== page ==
Growth A Market Cap Story

Last week, we repeatedly noted how there has been rotation back into growth-oriented sectors like Technology and Consumer Discretionary. For example, mega-cap names like Tesla (TSLA), Apple (AAPL), and Amazon (AMZN) have been some of the top performers in the second quarter whereas they were some of the worst performers in Q1. As a result of the strong performance of these names which all have heavyweights in the S&P 500 Growth ETF (IVW), the ETF has undergone some notable price action over the past couple of weeks. At the start of April, IVW finally broke back above its 50-DMA after repeatedly failing to do so throughout March. Last week, that rally continued as the ETF also broke out above its February highs.

That sort of strong technical picture is not true for all growth stocks though. Instead, it is more of a market cap story. The Russell 2,000 Growth ETF (IWO) has been stuck in a downtrend over the past few months with another failed attempt to change that last week. Whereas IVW is extremely overbought (at least two standard deviations above its 50-DMA) as of Friday’s close, IWO is trading below its 50-DMA.

In the chart below we show small-cap growth relative to large-cap growth through the ratio of IWO to IVW. Throughout the fall and winter, small-cap growth had been outpacing its large-cap peers as the ratio shot higher. But in mid-February, the ratio peaked and in the past month, it has more sharply pulled back as a rotation into large-cap growth has taken place. In fact, the ratio has fallen over 10% in the past month! As shown in the second chart below, there have not been many times since the two ETFs began trading in 2000 in which the ratio has fallen as sharply in such a span of time. The most recent instance was one year ago during and in the immediate aftermath of the bear market. Before that, it was almost a decade since the next most recent occurrence.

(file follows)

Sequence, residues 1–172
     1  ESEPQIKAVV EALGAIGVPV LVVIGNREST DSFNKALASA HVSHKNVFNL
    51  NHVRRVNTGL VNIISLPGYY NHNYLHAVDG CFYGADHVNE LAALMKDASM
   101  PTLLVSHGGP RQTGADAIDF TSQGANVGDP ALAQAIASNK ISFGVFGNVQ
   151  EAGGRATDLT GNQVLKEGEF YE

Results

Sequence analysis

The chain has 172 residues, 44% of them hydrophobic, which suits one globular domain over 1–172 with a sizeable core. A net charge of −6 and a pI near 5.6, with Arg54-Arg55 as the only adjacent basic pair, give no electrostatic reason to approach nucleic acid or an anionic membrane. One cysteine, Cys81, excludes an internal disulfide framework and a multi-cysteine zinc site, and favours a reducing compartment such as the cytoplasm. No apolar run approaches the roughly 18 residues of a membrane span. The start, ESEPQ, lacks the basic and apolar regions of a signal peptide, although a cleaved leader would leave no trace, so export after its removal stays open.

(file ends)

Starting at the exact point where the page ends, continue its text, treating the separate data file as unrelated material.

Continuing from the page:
With just five prior occurrences, there is not a particularly large sample size for these types of moves, but returns have tended to be strong following past times that the ratio of IWO to IVW has fallen by at least 10 percentage points in a single month. For both ETFs, returns have been stronger than their relative norms over the following weeks and months. Small-cap growth has perhaps performed slightly better on average although that is due to smaller declines following the late 2000 instance. In other words, big outperformance of large-cap growth in the past has been generally good for growth stocks. 

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